The Woman Who Walked Into Doors
- Publication Date:
- 03 January 1998
- Modern & Contemporary
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Roddy Doyle at his best in my view. No one does realistic dialogue better. And as an exploration -- perhaps a better words is indictment -- of Irish social mores, it's a biting critique. The story of a battered wife who descends into alcoholism, the book explores the tragedy of low self esteem and how it affects those around one just as much as it affects the sufferer. I felt every muscle in my body contract during the many tragic scenes in the book. I felt physical pain when Paula was victimized again and again. A surging powerful book that has a wonderful story and a real point.
A truly frightening book, mostly because of the implicit narrative. Doyle gives you just enough horrific details to make you want to find out how things in the narrator's life went so wrong. On page five, Paula says: "I knew nothing for awhile, where I was, how come I was on the floor. Then I saw Charlo's feet, then his legs, making a triangle on the floor. He seemed way up over me. Miles up. I had to bend back to see him. Then he came down to meet me. His face, his eyes went all over my face, looking, searching. Looking for marks, looking for blood. He was worried. He turned my head and looked. His face was full of worry and love. He skipped my eyes. ---You fell, he said."She describes herself as a girl: "Me then... She knew she was stupid but she didn't mind that much... Her mother said she was nice enough to be a model but she had crooked teeth... She was leaving school in a few months, after her Group Cert. She was going to stroll through it. She had her whole life ahead of her."She describes herself later in life:"Me now. She has four children. She is a widow... She has holes in her heart that are killing her. She isn't too fond of herself but she isn't so certain that she's stupid anymore. She manages; she's a survivor."It was chilling. I cheered for Paula at the end of the book.
Paula Spencer, a working class woman in Dublin, learns at the outset of the novel that her husband, Charlo, has been shot dead by the police. The incident sends Paula spiraling backward and forward in her memories to visit and revisit and revisit again and again key moments in her life. The fascination of the story comes in watching her carefully reframed memories struggle with and ultimately succumb to the reality of her abusive husband. She moves from dewy recollections of their courtship and honeymoon to vague notions that something bad happened to her at some point to finally understanding that terrible things happened to her at Charlo's hands and feet and forehead and elbow and... but believes she deserved it all. The process of accepting her own self-worth and placing blame where it belongs, with ever more rapid-fire and graphic memories of accelerating abuse, make the final fifty pages a powerful, wrenching read as Paula tries to draw meaning and redemption from her past. Even the final scene, in which she makes the choice that costs her a son in return for saving a daughter and, truly, herself, must be replayed twice, as if she's not quite sure that the first version and her interpretation of it were correct. Significantly, the second telling is identical to the first, the final interpretation secure and unassailable.Doyle captures the complex psyche of an abused woman and her tortured relationships with her parents, siblings, children, emergency room workers, and herself as she works to comprehend the truth of her life and separate it from the should-haves and what-ifs that dominated her adulthood.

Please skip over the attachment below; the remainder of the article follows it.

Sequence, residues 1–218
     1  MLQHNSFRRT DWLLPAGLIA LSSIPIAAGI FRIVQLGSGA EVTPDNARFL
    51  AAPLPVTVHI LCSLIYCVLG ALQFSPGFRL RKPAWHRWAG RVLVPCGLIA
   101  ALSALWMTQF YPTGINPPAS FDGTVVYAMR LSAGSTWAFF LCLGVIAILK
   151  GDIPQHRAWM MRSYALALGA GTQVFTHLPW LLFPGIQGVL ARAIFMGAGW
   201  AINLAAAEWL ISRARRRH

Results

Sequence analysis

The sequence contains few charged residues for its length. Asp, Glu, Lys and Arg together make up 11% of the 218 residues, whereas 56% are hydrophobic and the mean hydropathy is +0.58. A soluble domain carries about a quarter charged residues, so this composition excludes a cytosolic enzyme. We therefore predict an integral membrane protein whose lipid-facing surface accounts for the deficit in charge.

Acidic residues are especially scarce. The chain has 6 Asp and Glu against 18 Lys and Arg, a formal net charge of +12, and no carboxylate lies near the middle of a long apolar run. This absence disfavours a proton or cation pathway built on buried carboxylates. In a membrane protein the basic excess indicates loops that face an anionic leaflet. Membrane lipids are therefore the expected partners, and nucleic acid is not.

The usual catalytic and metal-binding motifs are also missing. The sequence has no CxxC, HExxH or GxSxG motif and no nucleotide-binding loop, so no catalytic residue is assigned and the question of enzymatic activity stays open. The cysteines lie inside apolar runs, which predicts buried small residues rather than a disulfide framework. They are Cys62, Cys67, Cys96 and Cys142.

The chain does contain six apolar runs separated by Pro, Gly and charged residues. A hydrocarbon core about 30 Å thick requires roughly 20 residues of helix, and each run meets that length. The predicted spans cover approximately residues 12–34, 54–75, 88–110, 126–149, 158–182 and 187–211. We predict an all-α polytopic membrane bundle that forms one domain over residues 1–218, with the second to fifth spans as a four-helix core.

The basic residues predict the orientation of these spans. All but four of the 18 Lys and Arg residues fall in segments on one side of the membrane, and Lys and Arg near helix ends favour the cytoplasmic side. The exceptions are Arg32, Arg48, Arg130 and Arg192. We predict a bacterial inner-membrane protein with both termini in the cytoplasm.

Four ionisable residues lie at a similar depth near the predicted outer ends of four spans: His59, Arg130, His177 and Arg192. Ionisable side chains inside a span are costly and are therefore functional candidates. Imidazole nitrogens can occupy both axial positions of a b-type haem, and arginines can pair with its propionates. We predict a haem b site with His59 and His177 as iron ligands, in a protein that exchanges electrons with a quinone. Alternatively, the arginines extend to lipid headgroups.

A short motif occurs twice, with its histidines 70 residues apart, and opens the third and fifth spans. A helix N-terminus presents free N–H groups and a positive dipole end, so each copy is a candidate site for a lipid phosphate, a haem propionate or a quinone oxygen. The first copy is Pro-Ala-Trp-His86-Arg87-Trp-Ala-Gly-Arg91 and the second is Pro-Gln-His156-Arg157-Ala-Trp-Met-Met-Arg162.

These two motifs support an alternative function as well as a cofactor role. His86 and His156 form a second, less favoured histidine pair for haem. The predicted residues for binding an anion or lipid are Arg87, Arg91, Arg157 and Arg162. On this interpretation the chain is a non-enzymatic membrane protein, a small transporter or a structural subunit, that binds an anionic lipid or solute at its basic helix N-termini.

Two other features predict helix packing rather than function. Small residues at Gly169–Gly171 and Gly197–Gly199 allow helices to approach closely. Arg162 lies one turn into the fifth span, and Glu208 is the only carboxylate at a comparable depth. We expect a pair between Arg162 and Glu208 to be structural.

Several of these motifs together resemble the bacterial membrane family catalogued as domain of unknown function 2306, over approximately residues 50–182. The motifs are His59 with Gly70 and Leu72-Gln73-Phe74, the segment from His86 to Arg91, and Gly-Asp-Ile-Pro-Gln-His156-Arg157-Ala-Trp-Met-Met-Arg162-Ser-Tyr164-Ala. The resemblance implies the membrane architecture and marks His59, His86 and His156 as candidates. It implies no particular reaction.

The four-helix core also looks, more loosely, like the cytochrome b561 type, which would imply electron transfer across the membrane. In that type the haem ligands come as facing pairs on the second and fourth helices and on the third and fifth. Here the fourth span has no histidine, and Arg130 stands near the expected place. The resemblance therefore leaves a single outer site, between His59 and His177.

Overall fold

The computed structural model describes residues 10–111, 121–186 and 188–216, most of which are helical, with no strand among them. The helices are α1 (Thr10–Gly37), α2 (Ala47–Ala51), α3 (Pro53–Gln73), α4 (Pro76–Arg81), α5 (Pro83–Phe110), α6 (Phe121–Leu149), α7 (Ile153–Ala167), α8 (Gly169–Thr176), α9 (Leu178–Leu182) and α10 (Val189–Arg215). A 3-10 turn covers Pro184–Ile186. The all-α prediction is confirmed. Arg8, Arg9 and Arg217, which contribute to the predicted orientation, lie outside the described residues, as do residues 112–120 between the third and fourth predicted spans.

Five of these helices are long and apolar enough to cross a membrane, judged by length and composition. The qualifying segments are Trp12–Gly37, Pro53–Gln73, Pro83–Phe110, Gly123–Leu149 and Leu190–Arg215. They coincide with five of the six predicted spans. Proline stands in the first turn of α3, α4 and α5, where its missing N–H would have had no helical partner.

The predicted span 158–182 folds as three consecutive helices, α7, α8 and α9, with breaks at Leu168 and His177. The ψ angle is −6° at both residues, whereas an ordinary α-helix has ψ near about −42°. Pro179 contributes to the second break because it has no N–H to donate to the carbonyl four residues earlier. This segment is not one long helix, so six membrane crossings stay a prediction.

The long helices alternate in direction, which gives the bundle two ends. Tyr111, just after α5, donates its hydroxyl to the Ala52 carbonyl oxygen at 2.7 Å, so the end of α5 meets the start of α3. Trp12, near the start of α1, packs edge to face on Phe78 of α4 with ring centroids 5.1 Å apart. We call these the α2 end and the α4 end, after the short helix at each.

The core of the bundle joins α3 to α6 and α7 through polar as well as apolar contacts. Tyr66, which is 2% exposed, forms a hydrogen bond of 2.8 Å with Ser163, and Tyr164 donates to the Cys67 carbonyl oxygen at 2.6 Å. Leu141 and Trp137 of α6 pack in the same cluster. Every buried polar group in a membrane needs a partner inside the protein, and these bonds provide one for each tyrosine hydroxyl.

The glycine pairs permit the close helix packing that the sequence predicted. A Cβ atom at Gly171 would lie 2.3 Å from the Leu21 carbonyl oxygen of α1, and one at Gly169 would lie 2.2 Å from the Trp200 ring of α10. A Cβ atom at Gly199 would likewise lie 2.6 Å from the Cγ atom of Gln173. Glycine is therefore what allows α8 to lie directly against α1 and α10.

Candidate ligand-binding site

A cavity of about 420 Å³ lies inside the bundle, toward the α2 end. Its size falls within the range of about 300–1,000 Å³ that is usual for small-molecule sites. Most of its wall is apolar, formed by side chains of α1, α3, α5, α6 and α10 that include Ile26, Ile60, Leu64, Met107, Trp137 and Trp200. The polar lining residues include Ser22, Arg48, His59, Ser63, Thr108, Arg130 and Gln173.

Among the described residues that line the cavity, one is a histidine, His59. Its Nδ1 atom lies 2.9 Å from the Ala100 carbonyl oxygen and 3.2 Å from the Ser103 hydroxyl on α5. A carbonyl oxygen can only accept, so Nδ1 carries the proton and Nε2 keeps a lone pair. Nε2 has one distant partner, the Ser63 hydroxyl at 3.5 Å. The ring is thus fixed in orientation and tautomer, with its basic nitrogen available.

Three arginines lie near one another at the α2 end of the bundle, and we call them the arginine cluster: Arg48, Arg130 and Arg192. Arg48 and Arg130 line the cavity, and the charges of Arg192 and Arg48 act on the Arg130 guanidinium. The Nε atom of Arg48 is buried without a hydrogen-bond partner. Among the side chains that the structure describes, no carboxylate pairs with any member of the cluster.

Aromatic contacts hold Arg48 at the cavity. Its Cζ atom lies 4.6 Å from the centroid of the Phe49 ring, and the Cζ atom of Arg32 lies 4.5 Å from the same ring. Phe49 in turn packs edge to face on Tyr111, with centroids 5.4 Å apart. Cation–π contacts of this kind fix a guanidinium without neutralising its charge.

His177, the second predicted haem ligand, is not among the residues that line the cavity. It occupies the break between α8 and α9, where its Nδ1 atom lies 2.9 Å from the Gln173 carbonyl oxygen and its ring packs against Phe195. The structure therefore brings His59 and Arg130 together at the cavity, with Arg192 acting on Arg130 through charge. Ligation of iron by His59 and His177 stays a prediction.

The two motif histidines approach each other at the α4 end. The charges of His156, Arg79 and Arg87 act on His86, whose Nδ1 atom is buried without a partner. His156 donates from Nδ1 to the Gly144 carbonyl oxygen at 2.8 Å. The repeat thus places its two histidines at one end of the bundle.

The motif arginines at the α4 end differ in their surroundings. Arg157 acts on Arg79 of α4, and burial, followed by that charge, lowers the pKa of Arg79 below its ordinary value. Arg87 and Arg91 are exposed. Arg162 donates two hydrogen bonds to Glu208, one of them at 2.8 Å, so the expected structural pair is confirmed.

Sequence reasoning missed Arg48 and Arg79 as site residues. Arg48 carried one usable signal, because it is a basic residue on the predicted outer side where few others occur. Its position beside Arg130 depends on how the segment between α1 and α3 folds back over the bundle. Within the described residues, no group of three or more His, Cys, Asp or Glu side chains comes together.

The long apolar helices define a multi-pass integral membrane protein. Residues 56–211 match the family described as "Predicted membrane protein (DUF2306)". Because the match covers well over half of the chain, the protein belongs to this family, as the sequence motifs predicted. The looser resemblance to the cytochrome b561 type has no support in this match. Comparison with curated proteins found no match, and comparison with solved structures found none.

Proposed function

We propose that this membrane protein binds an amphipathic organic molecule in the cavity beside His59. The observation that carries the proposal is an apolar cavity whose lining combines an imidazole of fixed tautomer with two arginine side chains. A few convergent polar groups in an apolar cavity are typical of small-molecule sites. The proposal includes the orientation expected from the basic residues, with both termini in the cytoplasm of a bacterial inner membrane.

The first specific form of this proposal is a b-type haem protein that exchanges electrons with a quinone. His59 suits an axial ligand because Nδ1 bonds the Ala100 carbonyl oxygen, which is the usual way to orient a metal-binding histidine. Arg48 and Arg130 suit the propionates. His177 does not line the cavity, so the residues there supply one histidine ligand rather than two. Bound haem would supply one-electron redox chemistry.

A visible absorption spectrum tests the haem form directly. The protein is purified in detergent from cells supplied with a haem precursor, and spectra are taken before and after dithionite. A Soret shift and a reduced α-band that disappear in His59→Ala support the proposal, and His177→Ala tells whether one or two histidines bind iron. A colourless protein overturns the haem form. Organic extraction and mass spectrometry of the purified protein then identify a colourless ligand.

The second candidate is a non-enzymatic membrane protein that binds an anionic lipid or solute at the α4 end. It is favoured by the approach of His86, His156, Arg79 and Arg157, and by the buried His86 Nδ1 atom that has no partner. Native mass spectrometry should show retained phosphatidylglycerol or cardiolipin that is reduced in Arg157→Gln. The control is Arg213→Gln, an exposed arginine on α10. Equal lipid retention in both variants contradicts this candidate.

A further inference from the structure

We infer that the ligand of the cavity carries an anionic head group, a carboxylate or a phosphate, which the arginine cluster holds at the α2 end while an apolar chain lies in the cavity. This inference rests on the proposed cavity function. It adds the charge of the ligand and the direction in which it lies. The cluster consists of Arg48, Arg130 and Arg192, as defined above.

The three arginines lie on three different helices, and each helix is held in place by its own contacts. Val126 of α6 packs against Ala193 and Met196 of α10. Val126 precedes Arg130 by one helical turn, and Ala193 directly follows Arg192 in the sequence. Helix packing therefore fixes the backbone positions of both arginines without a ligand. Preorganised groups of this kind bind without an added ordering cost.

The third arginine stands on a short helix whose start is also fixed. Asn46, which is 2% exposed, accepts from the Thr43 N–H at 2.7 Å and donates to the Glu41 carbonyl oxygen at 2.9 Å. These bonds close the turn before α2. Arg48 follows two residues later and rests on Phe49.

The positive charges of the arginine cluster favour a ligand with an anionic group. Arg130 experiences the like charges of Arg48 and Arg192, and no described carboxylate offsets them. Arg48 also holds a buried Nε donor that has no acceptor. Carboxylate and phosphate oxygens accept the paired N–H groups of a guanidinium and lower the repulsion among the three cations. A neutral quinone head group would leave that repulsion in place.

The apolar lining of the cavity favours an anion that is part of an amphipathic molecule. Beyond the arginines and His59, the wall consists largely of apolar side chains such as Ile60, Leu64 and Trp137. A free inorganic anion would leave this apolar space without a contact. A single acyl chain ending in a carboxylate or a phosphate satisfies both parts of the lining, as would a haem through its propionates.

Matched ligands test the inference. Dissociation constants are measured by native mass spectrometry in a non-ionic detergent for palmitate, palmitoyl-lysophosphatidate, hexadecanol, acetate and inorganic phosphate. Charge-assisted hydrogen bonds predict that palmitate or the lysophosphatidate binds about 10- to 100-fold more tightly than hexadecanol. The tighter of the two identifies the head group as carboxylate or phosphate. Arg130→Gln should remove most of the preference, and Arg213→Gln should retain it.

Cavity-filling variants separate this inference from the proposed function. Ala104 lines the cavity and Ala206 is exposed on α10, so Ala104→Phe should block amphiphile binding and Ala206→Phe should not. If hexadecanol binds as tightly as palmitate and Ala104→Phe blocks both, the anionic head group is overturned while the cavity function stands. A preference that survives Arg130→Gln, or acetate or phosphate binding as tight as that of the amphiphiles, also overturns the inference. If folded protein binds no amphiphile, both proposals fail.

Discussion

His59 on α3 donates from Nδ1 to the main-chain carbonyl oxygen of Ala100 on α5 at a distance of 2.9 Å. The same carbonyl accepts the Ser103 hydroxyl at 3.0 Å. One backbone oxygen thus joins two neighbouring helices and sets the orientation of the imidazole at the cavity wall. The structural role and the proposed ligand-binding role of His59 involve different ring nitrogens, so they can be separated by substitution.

I loved this one. It had what a really crave in a novel -- a strong believable voice. The narrator is working class Irish in love with a monstrous husband. The writing never falters, you always believe you're in her head.
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